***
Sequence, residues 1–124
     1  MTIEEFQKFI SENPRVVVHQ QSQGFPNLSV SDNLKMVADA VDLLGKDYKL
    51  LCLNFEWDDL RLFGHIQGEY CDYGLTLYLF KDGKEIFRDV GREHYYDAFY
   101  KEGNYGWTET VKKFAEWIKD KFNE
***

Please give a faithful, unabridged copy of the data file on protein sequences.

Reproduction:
Sequence, residues 1–124
     1  MTIEEFQKFI SENPRVVVHQ QSQGFPNLSV SDNLKMVADA VDLLGKDYKL
    51  LCLNFEWDDL RLFGHIQGEY CDYGLTLYLF KDGKEIFRDV GREHYYDAFY
   101  KEGNYGWTET VKKFAEWIKD KFNE